Back in first year Engineering, ~1974, I had a physics prof who made us use slide rules because she thought calculators were just a fad. At the end of the year we were pretty good with slide rules but most of us never used them again. Meanwhile the guys with more progressive profs were way ahead of us in the use of calculators.

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    I think I agree here - also, how would you ever know if a good and correct answer was run through ChatGPT? Commented Dec 19, 2022 at 12:35
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    I think you and @ArturMeinild are both missing what's actually happening. The people and posts we're talking of banning aren't those who're using ChatGPT for spell-checking or polishing answers they wrote themselves. They're posting the questions to ChatGPT and copy-pasting the generated answer wholesale here without any attempt whatsoever to verify if the answer is correct. And while users certainly generate OK-looking BS on their own, ChatGPT enables to generate this BS fast enough to hit any and all rate limits. And worse, ChatGPT is quite good at generating correct-looking BS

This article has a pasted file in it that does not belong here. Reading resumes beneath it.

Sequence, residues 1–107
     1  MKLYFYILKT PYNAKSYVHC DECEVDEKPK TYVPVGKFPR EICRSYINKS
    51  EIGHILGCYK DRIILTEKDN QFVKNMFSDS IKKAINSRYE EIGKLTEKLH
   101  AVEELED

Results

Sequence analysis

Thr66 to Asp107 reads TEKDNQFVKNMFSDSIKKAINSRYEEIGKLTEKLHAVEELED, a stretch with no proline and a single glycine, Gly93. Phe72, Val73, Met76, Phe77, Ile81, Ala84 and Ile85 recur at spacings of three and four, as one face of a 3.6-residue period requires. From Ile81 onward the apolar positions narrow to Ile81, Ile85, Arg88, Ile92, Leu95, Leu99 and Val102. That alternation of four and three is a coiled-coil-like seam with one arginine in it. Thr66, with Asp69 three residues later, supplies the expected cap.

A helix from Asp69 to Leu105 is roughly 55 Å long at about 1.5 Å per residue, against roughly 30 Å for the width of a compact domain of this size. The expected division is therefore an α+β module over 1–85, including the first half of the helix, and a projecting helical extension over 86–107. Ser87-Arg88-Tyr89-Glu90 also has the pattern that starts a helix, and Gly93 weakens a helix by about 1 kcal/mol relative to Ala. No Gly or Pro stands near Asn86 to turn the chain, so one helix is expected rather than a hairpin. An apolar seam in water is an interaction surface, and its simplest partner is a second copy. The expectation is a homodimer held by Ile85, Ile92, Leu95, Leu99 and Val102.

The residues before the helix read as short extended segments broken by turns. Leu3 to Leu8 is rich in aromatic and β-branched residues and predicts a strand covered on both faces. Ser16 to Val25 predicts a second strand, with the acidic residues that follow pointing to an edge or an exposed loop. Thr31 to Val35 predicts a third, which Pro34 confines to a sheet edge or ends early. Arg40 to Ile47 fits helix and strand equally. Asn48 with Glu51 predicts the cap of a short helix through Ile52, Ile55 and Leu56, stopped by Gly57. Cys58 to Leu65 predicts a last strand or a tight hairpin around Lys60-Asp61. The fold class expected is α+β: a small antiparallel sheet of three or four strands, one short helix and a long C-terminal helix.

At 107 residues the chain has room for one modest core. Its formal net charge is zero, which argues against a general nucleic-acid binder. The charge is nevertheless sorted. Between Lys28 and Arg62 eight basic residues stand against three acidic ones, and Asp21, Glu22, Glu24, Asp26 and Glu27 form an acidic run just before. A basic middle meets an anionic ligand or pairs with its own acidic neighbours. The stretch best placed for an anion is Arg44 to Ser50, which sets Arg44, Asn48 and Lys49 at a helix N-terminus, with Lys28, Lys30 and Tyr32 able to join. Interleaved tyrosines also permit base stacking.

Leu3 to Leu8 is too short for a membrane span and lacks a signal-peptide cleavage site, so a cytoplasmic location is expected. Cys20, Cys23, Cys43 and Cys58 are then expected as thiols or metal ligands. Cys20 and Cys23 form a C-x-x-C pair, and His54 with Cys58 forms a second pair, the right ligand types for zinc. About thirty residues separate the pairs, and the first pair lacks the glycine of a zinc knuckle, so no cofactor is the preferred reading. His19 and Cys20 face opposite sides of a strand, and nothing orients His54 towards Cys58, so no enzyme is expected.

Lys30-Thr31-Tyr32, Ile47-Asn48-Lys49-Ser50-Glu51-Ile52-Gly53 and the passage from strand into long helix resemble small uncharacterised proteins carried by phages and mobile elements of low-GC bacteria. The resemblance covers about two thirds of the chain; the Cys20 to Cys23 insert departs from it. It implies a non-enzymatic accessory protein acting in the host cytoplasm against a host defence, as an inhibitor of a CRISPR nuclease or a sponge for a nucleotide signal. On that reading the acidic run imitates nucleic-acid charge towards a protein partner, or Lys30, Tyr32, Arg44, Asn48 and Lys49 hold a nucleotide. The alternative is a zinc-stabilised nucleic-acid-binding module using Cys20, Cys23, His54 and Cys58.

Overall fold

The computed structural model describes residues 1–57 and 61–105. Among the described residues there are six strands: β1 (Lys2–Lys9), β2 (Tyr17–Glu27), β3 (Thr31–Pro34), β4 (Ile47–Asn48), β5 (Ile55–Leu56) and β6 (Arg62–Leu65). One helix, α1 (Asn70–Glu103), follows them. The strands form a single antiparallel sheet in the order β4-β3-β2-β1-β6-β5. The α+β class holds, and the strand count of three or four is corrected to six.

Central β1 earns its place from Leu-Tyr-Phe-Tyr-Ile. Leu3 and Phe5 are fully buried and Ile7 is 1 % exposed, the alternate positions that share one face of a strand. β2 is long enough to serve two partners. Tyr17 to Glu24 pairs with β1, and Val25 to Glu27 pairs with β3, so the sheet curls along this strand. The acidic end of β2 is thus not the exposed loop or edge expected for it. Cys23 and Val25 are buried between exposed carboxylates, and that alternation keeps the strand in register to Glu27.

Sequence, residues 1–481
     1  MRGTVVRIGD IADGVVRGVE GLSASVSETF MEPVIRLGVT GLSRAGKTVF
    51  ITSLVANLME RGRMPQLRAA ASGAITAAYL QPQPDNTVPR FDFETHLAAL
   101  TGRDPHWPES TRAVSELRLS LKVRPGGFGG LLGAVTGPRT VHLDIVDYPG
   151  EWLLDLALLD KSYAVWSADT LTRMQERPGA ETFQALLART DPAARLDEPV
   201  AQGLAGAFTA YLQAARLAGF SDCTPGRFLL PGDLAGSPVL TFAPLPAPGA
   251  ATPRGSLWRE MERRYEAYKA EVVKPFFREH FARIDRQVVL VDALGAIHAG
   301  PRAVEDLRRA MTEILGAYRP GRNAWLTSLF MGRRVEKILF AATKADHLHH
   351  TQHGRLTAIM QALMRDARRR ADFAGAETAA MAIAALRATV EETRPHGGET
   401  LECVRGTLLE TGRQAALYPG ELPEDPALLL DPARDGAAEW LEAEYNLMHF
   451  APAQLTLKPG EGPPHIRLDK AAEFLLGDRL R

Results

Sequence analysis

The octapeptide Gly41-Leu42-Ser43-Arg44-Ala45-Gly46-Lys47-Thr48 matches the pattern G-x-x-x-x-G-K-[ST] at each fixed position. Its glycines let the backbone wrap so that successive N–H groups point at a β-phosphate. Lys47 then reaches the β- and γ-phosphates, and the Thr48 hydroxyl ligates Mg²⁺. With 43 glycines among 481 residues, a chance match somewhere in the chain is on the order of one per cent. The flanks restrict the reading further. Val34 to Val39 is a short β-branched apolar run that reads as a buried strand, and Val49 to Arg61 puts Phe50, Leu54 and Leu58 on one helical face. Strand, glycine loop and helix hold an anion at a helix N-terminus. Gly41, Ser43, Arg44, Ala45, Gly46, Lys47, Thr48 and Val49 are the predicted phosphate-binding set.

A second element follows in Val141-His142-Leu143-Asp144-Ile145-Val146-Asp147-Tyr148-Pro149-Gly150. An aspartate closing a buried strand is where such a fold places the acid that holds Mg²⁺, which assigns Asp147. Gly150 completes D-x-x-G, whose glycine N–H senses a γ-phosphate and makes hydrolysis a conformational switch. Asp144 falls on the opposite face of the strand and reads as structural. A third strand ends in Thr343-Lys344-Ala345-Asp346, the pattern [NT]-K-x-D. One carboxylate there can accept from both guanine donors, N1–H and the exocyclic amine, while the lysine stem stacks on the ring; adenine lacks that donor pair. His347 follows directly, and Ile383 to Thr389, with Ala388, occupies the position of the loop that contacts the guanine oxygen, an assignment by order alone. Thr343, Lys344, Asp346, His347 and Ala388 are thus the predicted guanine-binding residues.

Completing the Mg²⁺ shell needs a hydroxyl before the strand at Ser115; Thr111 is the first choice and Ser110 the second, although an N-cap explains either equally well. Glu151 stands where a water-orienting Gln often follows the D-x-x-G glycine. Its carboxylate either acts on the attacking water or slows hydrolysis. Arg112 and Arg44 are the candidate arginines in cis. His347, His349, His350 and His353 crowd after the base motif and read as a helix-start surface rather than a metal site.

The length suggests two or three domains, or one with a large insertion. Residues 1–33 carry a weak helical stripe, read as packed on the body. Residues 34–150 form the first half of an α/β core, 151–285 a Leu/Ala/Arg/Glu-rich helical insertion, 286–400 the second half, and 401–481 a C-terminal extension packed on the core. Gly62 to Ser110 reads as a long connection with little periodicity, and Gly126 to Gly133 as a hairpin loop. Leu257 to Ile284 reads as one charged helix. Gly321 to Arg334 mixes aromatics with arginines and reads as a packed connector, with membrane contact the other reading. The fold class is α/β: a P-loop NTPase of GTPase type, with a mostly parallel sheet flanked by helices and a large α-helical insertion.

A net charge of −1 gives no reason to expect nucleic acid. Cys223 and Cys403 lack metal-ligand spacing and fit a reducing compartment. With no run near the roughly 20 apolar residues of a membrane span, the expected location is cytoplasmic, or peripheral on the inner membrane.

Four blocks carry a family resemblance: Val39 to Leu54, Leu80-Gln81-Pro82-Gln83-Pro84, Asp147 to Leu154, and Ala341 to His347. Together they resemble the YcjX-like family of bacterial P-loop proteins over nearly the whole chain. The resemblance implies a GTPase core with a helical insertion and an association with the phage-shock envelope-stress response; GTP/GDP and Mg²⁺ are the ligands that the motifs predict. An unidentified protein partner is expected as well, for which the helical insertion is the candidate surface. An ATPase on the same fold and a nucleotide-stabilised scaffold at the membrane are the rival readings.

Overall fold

– muru
    Commented Dec 19, 2022 at 13:06
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    I'm certain there has already been one such case on Unix & Linux and possibly one more going on right now.
    – muru
    Commented Dec 19, 2022 at 13:07
  • @muru and how do you verify those answers have been generated with ChatGPT? Commented Dec 19, 2022 at 13:08
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    @ArturMeinild that is the tricky part, admittedly. you can post the same question and see if it generates similar correct-looking but actually incorrect BS. And the ones that make me suspicious of being generated so far (across users and sites) have this odd pattern of repeating the same thing in different words multiple times in the same answer.
    – muru
    Commented Dec 19, 2022 at 13:14
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    However, problems of detection don't and shouldn't prevent us from enacting a policy to ban such zero-effort spam.
    – muru
    Commented Dec 19, 2022 at 13:15
  • I think you need a bot to catch a bot, (as the old saying goes). Commented Dec 19, 2022 at 14:12